Many other targeting mechanisms have been tried, some with success and others not. These include targeting by geographical area, by nutritional or employment status of household members, by subsidization of inferior commodities or qualities, and by time of year according to seasonal fluctuations that severely limit the acquisition of sufficient food. The most appropriate choice among the various targeting approaches depends on the particular circumstances within which subsidies are introduced. As a general rule, targeting approaches that do not contradict household behavior-for example, subsidies on less preferred foods-are most likely to be successful. Lack of success in targeting or high costs of targeting often reflect the desire and ability of nontarget households to circumvent targeting efforts. Removing this desire would cut targeting costs.
In some cases, targeting may stigmatize certain population groups. This may be unacceptable in societies where social and political instability would result, particularly if the target group belongs to a distinct ethnic group.
Governments may consider targeting subsidy costs as an alternative to targeting subsidy benefits. The generation of revenues to cover subsidy costs through excise taxes on luxury goods and services is one example of such an approach; progressive income taxes is another. However, it is not clear that targeting costs is easier than targeting benefits.
Although costs of explicit subsidies are borne by government, costs of implicit food subsidies are usually targeted on producers. Efforts to maintain consumer subsidies through artificially low producer prices may entail high economic costs, but selective procurement need not. Government procurement of food at prices below free-market prices need not reduce incomes to the producer sector if the lower prices are passed on to low-income consumers in the form of a highly targeted food-price subsidy and if the procured quantity is a small part of the production of a particular farmer. This is so because the scheme will result in an overall demand increase and in compensation to producers through higher prices for the quantity sold in the free market.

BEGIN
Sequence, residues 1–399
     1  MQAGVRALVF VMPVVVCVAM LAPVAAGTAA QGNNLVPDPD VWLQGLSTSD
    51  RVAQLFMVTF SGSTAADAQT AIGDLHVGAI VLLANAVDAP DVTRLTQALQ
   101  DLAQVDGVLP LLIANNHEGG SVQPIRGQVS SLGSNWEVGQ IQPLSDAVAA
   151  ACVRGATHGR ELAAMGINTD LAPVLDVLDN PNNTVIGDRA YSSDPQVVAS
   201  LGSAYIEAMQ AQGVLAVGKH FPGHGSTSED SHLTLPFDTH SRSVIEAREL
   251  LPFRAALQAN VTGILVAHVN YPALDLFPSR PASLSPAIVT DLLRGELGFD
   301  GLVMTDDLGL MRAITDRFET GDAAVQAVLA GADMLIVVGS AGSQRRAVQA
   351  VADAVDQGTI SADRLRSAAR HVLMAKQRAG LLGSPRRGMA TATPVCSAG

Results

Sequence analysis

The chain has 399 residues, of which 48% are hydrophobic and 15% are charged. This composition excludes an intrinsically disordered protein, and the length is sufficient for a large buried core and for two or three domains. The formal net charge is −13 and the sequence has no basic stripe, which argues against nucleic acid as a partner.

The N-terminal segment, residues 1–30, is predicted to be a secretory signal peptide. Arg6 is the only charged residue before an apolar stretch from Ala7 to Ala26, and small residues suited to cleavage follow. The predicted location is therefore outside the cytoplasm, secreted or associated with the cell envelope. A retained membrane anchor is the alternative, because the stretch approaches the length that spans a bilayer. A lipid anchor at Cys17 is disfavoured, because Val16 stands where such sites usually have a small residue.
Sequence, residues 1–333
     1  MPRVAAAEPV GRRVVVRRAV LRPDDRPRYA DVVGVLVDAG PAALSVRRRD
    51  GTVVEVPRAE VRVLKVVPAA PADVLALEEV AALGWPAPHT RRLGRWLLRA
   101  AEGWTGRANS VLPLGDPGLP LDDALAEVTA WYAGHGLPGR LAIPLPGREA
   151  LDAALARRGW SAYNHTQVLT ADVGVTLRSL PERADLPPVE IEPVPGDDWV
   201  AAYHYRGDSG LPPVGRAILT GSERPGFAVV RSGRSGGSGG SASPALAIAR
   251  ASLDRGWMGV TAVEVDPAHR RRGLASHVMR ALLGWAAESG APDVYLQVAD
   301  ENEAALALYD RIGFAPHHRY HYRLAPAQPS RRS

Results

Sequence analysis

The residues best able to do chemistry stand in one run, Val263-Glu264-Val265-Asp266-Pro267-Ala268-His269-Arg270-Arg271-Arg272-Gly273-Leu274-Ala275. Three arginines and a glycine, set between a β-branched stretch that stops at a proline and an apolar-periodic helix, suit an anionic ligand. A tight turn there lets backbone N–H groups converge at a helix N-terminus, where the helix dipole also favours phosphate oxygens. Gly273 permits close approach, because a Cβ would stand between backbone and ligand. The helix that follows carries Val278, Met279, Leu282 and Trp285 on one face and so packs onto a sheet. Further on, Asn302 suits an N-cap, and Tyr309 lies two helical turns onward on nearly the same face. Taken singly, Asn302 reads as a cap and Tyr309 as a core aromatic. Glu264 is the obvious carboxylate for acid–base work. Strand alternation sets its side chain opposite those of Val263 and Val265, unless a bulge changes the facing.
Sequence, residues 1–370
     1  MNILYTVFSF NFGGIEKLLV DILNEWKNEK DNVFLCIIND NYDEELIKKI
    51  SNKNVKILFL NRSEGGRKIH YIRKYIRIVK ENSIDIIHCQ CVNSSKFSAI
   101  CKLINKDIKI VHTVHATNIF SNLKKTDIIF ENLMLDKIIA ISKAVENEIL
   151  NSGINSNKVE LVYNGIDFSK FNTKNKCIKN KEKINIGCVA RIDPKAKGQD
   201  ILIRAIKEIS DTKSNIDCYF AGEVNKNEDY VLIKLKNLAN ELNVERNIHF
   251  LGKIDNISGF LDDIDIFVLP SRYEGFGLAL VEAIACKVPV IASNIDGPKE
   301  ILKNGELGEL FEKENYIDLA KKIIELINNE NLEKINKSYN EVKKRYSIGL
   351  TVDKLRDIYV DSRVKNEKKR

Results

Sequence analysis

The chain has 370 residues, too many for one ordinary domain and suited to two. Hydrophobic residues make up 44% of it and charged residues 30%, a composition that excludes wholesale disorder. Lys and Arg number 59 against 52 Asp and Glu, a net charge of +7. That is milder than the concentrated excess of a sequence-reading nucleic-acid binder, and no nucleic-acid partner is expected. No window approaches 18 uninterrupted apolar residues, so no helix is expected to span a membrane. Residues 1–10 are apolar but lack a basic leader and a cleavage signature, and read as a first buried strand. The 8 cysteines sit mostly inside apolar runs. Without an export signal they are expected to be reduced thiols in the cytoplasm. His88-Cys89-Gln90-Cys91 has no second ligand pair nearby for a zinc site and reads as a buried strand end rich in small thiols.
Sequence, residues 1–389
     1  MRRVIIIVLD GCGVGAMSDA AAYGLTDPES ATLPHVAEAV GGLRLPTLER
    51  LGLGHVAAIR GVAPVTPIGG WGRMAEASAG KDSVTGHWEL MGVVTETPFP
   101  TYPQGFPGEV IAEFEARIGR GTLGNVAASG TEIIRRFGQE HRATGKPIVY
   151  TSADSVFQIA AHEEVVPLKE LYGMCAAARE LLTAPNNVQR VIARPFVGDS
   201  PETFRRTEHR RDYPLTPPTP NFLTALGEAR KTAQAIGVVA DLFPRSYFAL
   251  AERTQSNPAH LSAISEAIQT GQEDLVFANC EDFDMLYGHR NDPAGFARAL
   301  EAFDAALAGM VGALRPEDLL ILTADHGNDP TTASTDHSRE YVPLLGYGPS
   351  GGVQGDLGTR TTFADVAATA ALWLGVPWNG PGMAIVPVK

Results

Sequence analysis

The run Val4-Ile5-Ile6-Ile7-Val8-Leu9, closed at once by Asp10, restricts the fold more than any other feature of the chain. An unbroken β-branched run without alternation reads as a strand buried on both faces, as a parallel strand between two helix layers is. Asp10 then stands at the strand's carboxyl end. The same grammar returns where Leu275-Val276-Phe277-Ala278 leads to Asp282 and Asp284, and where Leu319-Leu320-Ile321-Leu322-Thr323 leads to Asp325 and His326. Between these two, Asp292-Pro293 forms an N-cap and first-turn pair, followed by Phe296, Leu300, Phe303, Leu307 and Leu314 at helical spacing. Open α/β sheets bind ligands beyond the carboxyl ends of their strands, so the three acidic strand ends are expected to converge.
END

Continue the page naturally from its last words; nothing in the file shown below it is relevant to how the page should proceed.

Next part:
If such procurement is limited to large producers, small ones would benefit from the price increases without having to contribute to the cost of the subsidies. In the absence of changes in foreign trade of the commodity, the net result would be a transfer from high-income (nontarget) consumers to low income (target) consumers and small producers. Whether large producers would lose or gain would depend on the price response among consumers and producers. Studies of the Indian procurement scheme for food grains indicate that producers as well as low income consumers may gain, at least in the short run, and that significant improvement in income distribution may be obtained with only small losses in economic efficiency if the subsidy scheme is effectively targeted on the poor rather than mostly on urban consumers, as is currently the case.